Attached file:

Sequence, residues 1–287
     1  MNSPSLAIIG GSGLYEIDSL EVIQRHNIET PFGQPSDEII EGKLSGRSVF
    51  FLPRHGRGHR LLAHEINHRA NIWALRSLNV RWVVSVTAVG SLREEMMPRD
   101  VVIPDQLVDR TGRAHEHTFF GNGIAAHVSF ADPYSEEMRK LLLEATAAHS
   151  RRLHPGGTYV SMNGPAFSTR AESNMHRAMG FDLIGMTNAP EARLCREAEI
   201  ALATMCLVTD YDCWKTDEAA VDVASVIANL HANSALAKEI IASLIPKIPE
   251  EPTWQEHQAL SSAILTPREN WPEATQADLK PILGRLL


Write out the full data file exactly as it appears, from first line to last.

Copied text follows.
Sequence, residues 1–287
     1  MNSPSLAIIG GSGLYEIDSL EVIQRHNIET PFGQPSDEII EGKLSGRSVF
    51  FLPRHGRGHR LLAHEINHRA NIWALRSLNV RWVVSVTAVG SLREEMMPRD
   101  VVIPDQLVDR TGRAHEHTFF GNGIAAHVSF ADPYSEEMRK LLLEATAAHS
   151  RRLHPGGTYV SMNGPAFSTR AESNMHRAMG FDLIGMTNAP EARLCREAEI
   201  ALATMCLVTD YDCWKTDEAA VDVASVIANL HANSALAKEI IASLIPKIPE
   251  EPTWQEHQAL SSAILTPREN WPEATQADLK PILGRLL